|An Ingrid interior--a boat on the boat list|
Traveling again, this time for my parents' fortieth wedding anniversary (believe it or not) and a three-day camping trip with Sonia and her two beautiful boys. We pulled into a campground I'd chosen on the internet, sight unseen, with thunder roaring and lightning cracking directly overhead, rain flooding the ranger station, at ten at night—me coming directly from the airport and two awake children in the car. Luckily the kind ranger allowed us the use of a cabin for one night, because when we pitched the tent in the morning, we discovered we had no poles. Not to worry. The 1920s army tent we'd brought as a playplace for the children pitched just fine. Another victory for the brave, foolhardy, impulsive travelers who do not plan.
As is this one: K. is currently in the middle of the Atlantic, racing to Bermuda. Check here. He is on the little pink boat, Elusive, almost dead last. It's okay. It's a rookie boat, class C, and although we'd had our names on the crew list since last year, it was only when we took the brave and foolhardy step of waltzing through the yacht club doors to handwrite our names on the bulletin board that we got a call. So he gets to cross (or half-cross—let's call a spade a spade) the Atlantic before I do.
I'm not jealous. Really, I'm not.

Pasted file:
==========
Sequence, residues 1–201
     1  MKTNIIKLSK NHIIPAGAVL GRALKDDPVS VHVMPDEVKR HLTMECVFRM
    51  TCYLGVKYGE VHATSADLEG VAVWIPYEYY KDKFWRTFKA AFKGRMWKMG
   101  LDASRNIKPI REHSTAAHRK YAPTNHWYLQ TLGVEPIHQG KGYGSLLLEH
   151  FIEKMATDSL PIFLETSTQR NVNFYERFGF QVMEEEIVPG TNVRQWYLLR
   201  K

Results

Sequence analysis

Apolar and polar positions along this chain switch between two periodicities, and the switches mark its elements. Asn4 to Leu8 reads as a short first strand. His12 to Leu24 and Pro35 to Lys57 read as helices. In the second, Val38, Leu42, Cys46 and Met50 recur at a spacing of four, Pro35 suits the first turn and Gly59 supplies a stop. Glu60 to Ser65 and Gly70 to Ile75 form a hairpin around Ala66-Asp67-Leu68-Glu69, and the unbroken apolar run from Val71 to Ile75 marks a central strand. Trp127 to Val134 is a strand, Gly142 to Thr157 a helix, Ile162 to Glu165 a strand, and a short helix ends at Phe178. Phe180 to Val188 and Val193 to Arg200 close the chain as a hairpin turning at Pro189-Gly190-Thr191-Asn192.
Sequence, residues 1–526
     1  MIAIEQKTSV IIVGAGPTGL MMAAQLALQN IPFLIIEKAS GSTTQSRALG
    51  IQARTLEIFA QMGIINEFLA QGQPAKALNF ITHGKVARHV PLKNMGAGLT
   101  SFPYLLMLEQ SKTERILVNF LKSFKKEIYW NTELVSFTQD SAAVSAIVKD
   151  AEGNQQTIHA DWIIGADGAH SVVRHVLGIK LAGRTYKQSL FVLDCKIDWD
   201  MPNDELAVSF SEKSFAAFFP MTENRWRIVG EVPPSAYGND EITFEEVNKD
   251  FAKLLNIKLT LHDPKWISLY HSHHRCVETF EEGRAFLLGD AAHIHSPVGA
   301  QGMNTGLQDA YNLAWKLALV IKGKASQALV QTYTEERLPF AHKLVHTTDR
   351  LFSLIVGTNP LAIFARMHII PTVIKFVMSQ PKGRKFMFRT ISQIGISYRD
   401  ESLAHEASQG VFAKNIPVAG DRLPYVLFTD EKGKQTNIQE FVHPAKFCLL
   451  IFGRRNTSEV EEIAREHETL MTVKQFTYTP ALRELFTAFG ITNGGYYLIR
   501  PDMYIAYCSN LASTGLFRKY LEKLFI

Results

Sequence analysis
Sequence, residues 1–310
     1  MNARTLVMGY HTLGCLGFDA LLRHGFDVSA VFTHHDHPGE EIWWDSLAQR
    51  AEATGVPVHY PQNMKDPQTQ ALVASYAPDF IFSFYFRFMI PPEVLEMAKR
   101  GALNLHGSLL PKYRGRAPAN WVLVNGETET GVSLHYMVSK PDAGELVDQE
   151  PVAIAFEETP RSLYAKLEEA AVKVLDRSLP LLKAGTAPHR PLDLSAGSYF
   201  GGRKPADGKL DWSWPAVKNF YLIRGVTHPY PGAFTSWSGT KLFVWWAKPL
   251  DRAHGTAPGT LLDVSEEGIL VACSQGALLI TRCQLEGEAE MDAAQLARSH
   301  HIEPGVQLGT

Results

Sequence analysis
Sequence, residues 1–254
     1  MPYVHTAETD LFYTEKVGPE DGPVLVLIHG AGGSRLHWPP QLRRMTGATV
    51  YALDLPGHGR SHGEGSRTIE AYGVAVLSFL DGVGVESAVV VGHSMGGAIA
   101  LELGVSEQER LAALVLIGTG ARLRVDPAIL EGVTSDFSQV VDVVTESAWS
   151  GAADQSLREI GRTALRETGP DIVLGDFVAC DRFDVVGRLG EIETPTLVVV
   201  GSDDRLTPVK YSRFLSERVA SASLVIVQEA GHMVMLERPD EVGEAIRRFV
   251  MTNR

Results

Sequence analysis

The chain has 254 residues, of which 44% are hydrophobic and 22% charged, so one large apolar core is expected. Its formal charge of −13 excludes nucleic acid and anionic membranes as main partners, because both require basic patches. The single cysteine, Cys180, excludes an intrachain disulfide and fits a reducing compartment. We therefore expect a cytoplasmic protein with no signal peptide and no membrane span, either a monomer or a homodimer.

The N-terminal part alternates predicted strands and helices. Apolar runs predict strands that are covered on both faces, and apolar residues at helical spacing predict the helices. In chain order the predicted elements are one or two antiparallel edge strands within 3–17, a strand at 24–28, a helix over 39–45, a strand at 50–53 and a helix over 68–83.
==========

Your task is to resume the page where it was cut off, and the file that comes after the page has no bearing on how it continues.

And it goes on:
Okay, I am. Desperately jealous, but also so immensely thrilled and pleased for him. His first real ocean race, his first experience with a structured watch list, and five blessed days in blue water under sail.
He'll come back either ready to settle down and farm again, or even hungrier for one of the steel ketches he's been surfing online, the ones with built-in woodstoves that we could sail to Iceland or Greenland or through the Northwest Passage. Casting Off has been metaphorical for a time now, but it's a good reminder that it could always become literal. Again.
And tonight we dined on kale and beets and local fennel sausage in downtown Grand Rapids, a town which has suddenly, and without my noticing, become hip. I used to say, when I visited my family here, that it was like stepping back in time to 1952. But now it feels the opposite—like stepping forward to, say, 2020—a place where all cafes have their own greenhouses, and art galleries host their own deejays, and every bar stocks jalapeno-infused local vodka. One can only hope.